Every case begins with the filing and service of a Complaint. The Complaint will contain one or more “causes of action” such as Breach of Contract, Breach of Warranty, Fraud, Breach of Fiduciary Duty, Negligence, Malpractice, Conversion, Common Counts, or Statutory Violations.
Service Of Complaint
After the Summons and Complaint have been filed with the court, they must be properly served on the defendant(s), typically by a registered process server.
Response To Complaint
The Defendant(s) have 30 days from the date of service of the Complaint to file either a General Answer to the Complaint or a Motion (Demurrer or Motion to Strike) challenging the Complaint.
Once the Complaint and Answer have been filed both parties start a process of “discovery” of the evidence of both sides. Depending on the nature and complexity of the case, discovery methods might include, interrogatories, requests for documents and subpoenas, or depositions.
Throughout the case the court will set a series of Case Management, Status, Trial Setting, or Final Conferences to be attended by attorneys for all parties. These hearings are designed to determine whether the case is ready for trial.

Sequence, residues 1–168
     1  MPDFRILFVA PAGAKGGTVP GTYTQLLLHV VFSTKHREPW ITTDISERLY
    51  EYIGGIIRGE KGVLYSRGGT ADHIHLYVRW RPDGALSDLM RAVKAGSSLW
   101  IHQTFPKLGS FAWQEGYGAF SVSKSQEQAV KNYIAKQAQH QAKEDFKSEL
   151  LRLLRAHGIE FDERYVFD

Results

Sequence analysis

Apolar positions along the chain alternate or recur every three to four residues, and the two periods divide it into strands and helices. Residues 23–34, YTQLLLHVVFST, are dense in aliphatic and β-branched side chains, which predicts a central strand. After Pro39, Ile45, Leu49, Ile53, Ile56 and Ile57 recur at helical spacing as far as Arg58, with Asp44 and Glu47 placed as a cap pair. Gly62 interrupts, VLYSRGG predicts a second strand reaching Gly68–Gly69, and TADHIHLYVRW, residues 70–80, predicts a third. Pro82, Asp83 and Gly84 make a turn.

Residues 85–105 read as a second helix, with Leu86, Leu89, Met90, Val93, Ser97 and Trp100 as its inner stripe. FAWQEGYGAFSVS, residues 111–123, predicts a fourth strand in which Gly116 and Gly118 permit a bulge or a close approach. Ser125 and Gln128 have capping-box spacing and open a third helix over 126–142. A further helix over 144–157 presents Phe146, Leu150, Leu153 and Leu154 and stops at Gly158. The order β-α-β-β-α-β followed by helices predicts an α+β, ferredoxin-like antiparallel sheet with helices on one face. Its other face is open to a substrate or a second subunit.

Settlement negotiations may take place prior to the filing the Complaint up until trial. Often the court will request the parties schedule a Mediation or “Mandatory Settlement Conference” before the trial date. If the case does not settle, and the parties have filed all required documents, the court will set the date for trial.
If the case goes to trial, the parties attorneys will prepare a trial brief, list of witnesses and exhibits, and prepare witnesses to testify at trial.
In the event that you win at trial, or by default, or by motion, or by settlement, if the other party fails to pay as ordered by the court, our office will take action to collect the award amount.